Science Says Sunday – Men’s Health

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First and foremost, a Happy Father’s Day to all the fathers and father figures! Today’s post is focused on reminding all the men in our lives about keeping healthy habits. Did you know that the week leading up to Father’s Day (happy day to all the Father’s out there!), is National Men’s Health Week? A week to remind us all there are easy things we can do to help all the men in our lives stay healthy.

According to the CDC, leading causes of death in the US include:

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As such, here are five things to remember to ensure healthy lives for all men in our lives:

  1. Remember to get regular check ups
    • It’s important for men to know their family history. This can help doctor’s provide guidance for prevention and care when they go in for annual visits.
    • Schedule regular checkups with a
      • primary care physician
      • dermatologist
      • dentist
      • specialist (as needed)
    • Because not everyone has access to health care providers, some may have and/or inadequate or no health insurance, it’s important to also know how to perform some self-checks like knowing signs and symptoms for things like skin cancer and heart attacks/strokes.
  2. Know symptoms for heart attacks and strokes
    • Did you know that heart disease is the leading cause of death among men in the US? Knowing the signs and symptoms is important to help secure help in a timely manner and get treatment that can be life saving!
      • Every 40 seconds someone in the U.S. has a heart attack. If you think you or someone you know is having a heart attack call 911 immediately. Major signs of a heart attack include:

        • Pain or discomfort in the jaw, neck, or back
        • Feeling weak, light-headed, or faint
        • Chest pain or discomfort
        • Pain or discomfort in arms or shoulder
        • Shortness of breath

        For more information, visit the heart.org.

  3. Practice healthy habits
    • Diet
      • Eat healthy and include a variety of fruits and vegetables every day
    • Exercise
      • Controlling one’s weight can reduce the risk of heart disease and some cancers, and can improve your mental health and mood. Adults need 2½ hours of physical activity each week.
    • Safety
      • Did you know that ‘unintentional injuries’ are the third leading cause of death in the US??
        • Practicing safety means wearing a seatbelt and wearing a helmet when biking, for example. Examples of unintentional injuries include traffic injuries, poisoning, falls, fire and burn injuries, and drowning. Practicing safety when involved in any of these activities is important!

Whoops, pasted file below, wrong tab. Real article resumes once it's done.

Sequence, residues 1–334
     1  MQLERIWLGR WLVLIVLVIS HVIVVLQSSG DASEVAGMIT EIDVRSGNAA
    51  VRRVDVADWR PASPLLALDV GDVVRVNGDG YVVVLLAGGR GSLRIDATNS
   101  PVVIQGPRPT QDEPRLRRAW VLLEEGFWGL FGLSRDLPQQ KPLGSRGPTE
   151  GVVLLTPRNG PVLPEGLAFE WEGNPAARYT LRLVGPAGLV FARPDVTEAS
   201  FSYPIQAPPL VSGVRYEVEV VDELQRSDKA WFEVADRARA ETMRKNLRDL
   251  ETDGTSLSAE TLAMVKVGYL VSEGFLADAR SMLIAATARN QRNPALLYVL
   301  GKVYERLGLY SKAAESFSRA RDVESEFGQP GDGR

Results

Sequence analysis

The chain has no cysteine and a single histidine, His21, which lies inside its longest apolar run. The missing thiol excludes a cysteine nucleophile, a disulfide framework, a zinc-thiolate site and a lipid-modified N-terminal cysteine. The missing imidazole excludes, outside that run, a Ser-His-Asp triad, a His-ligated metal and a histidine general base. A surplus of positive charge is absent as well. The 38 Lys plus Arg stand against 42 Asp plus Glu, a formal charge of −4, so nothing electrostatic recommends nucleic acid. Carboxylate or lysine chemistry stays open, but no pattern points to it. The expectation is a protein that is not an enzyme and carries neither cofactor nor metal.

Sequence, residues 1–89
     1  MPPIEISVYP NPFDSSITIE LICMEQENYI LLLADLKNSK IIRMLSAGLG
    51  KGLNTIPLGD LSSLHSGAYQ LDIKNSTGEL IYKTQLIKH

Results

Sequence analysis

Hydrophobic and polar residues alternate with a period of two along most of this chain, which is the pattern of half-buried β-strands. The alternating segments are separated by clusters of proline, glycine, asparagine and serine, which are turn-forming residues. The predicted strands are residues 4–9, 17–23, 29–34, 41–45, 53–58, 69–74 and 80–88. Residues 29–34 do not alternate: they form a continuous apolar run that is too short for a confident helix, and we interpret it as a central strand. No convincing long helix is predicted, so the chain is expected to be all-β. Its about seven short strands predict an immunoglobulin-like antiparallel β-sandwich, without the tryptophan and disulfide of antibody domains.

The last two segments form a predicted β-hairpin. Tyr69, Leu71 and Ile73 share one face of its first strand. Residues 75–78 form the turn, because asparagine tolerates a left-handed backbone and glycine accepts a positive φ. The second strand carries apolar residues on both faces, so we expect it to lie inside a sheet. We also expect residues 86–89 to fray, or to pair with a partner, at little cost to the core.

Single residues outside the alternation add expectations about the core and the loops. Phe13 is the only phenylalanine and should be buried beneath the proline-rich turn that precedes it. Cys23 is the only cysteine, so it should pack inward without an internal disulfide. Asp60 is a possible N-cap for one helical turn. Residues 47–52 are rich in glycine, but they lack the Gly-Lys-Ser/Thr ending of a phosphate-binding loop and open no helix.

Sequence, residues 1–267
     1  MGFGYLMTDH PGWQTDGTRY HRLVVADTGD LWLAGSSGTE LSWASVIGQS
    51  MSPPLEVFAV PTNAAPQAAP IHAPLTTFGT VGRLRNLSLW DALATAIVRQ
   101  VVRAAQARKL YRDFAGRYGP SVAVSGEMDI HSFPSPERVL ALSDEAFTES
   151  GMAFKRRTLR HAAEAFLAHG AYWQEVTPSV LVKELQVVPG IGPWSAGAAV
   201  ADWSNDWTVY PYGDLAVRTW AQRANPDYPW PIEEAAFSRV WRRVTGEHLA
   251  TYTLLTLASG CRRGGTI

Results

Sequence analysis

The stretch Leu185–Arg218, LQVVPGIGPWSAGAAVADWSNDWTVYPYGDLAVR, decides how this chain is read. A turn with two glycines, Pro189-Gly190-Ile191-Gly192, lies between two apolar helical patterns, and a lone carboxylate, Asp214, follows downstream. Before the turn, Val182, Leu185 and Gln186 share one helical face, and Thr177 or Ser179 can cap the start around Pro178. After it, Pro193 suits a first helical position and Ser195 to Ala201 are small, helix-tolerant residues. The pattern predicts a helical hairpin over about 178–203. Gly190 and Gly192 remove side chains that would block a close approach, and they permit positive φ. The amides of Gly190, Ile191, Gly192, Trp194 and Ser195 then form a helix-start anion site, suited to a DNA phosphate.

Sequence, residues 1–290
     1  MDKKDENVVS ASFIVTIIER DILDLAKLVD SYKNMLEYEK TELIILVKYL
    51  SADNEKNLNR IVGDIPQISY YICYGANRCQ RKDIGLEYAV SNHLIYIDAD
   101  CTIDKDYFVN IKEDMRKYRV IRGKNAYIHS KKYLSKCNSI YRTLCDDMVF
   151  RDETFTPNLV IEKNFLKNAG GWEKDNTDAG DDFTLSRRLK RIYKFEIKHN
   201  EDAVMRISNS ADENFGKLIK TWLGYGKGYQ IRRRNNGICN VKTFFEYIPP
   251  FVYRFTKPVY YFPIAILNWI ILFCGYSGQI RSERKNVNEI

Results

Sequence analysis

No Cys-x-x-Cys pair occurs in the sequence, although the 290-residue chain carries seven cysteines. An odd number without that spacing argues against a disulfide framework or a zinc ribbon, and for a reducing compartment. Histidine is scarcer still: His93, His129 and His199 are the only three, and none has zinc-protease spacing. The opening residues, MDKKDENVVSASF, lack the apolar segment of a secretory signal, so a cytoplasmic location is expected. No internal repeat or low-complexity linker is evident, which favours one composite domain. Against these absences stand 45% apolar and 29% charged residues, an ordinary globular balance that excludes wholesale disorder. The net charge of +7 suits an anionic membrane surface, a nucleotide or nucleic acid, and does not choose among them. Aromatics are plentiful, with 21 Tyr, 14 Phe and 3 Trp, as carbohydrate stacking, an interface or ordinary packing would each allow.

4. Seek help to ensure good mental health
    • Depression is also one of the leading causes of death in the US, for both men and women. Very important to also recognize the signs and symptoms of depression or anxiety to help maintain good mental health. According to the CDC,
      • Signs of depression include persistent sadness, grumpiness, feelings of hopelessness, tiredness and decreased energy, and thoughts of suicide.
      • Those that suffer from depression or anxiety should seek help as early as possible. If you or someone you care about is in crisis, please seek help immediately.
        • Call 911
        • Visit a nearby emergency department or your health care provider’s office
        • Call the toll-free, 24-hour hotline of the National Suicide Prevention Lifeline at 1-800-273-TALK (1-800-273-8255); TTY: 1-800-799-4TTY (4889) to talk to a trained counselor
  5. COVID-19 safety
    • I’d be remiss to not remind you about COVID-19 safety when so many states are being affected by increasing rates of transmission of the virus that causes this disease. While you’re probably tired of hearing about it, COVID-19 is not tired of you. Many people have lost their sons, brothers, fathers, uncles, etc to COVID-19, so I implore you to take it seriously. Three simple ways to help prevent COVID-19 infection are the three W’s:
      • Wear a mask
      • Wait distanced from others, 6 feet is preferable
      • Wash your hands

NC.gov: North Carolina COVID-19 Information Hub

    • Three other simple ways include avoiding the three C’s
      • Crowded spaces – bad news bears! But if you also find yourself in a crowded space, wear a mask and also try to stand physically distanced from others.
      • Close contact – stand 6 feet apart and try not to be in close contact for longer than 15 minutes without a mask on
      • Closed spaces – avoid close spaces if possible, and if you find yourself in one, definitely wear a mask and stand away from others

PM's Office of Japan on Twitter: "#COVID19 update: The experts on ...

 

One thought on “Science Says Sunday – Men’s Health

  1. yocundaaolcom says:

    I love your blogs. Just one thought: when you mentioned health care: in many cities there are health departments and federally qualified health centers who take care of the uninsured and under- insured, so really there is a place for everyone to get healthcsre

    Like

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